The practice of Equanimity: Sāmāyika

“No matter what amount of knowledge we may acquire, but if there is no sense of self-righteousness acquired, all is in vain.”

Sadhvi Sri Kalanidhishreeji Ma. Sa.

If a soul donates millions of gold coins every day and the other does pure Sāmāyika for only two hours, the former cannot attain the same worth level as the latter. Retirement from all Sāvadya (sinful) activities by giving up the aggrieved and dire contemplation and keeping equanimity for one auspicious moment – is called ‘Sāmāyika Vrat‘.

The word Sansāra (the world) is derived from the root word ‘Sru‘, which means: to converge, wander, and remain unsteady. Thus, Sansāra means constant rotation and change. After passing through different lives and places, the soul realizes the horrors of wandering in the world and seeks refuge in Guru Bhagwant. To get rid of this dreadful trap, Tirthankar Bhagwant has bestowed us with the six essential duties, viz. Sāmāyika, Logas, Vandanā, Pratikraman, Kāryotsarga and Pachhakhan respectively. These six-essential duties are considered inevitable for Sadhu-Sadhviji (spiritual seekers) and Shravak-Shravika (commoners). From Uttarādhyayana Sutrā, a detailed description of the characteristics of these six duties and their merits can be obtained.

According to Jinavāni, Sāmāyika is the first and most essential among the six essential duties. The meaning of the word Sāmāyika is ‘ Practice (Sādhna) of Equanimity’. By prohibiting ourselves from sinful attitudes of mind, speech, and body, we are supposed to merge in the Samādhi of equanimity. Sāmāyika is a thriving art of living that leads to a spotless, impeccable, elegant life. However, unfortunately, our practice of Sāmāyika is limited merely to physical activity. We practice lifeless Sāmāyika and remain trapped in the traditions, customs, and rituals. Without knowing the fundamental consciousness of Sāmāyika, we usually sit in one place and recite the mantras by rote. As a result, it remains only a tedious process. Before practicing Sāmāyika, it is essential to know its core meaning and to understand why Tirthankar recommended it as an imperative necessity.

All of us are surrounded by many dualities, wrapped in contrasts, immersed in preferences, and tormented by endless cravings.  To liberate us from this swamp, God has recommended contemplation in one place with mindfulness, away from the entire world. It is called Sāmāyika in the true sense. The solutions to all our problems are within us. Therefore, it can be said ‘in is the only way out’. By imbibing equanimity in Sāmāyika, we can balance the dualities such as favourable-unfavourable and real-romantic. To seek the path of prudence and discipline is called Sāmāyika. It is not a custom but excellent chemistry – a vital basis for living a successful life. By engrossing in Sāmāyika, we are saved from all the dualities and conflicts, and we come to know our fundamental nature. It protects us from all the worldly Avadhyas. The term ‘Avadhya’ stands for: ‘That which is not worth mentioning, that which is condemnable, and that which is sinful’. Sāmāyika stops it, and we become strong internally.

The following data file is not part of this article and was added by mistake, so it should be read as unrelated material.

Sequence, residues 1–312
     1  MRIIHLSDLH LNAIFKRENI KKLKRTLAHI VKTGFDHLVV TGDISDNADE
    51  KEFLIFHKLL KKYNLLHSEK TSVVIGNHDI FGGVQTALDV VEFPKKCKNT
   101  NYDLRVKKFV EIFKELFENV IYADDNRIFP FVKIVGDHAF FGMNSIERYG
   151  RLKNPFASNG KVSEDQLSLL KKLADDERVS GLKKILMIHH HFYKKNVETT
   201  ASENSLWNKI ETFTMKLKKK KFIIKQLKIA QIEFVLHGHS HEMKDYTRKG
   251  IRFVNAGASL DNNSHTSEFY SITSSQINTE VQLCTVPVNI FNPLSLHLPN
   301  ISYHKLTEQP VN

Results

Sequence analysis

Advantages of performing Sāmāyika:

Through Sāmāyika, the religious virtues are developed, as in it the abstinence from inauspicious and impure actions and the consumption of auspicious and pure actions are practiced.

Sāmāyika is literally ‘pre-practice of sainthood’. The process of transformation of the soul into the ultimate form is ‘saintliness’. Therefore, it is self-evident that the true practitioner of Sāmāyika is moving forward to attain saintliness and godliness.

Sāmāyika is like a queen bee as all other bees build beehive and collect honey where the queen bee sits. Similarly, on starting the practice of Sāmāyika, many parts of the spiritual practice, such as self-study, chanting, meditation, sensation etc., get activated. Then, there is the accumulation of honey in the form of consciousness.

All the acts which are cleansed by doing penance with millions of lives, the same number of acts get cleansed by practicing Sāmāyika immersed in self-consciousness.

By perfecting Sāmāyika with equanimity, salvation is attained.

Sāmāyika and Practice of Yoga:

Sāmāyika itself is a process of meditation. While performing Sāmāyika, we introspect, examine our self, and eliminate the defects of our character and behaviour through Prekshādhyāna, Prānayāma and so on. By using Prekshādhyāna through Sāmāyika, the soul advances. We do Trikālik Sāmāyika, which is related to our breath. Our Sushumnā Nādi (dormant cord) is activated while doing Trikālik Sāmāyika. Morning and evening are the best times for this meditation. While practicing Sāmāyika, āsanā (sitting posture) is also the part of yogic practice. At the beginning of Sāmāyika, one  must sit in Pālyānkāsanā, due to which one feels lightness in the body. In this āsanā, both the palms are kept near the navel, the right palm is kept up, and the left palm is kept down. After sitting in a suitable posture, it is necessary to breathe very slowly. Once the mind is stable, forgetting the body’s consciousness, self-consciousness is awakened. This state of meditation leads to salvation.

Thus, Sāmāyika is a unique act to keep the mind stable. It is a resolution to attain the unmatched peace of the soul, and it is a pleasant and straightforward way to attain the ultimate position. It is a secret mantra to attain Akhandānanda (eternal bliss) and the best vessel to sail the ocean of sorrow.

Dr.Sejal Shah  (Ph.D)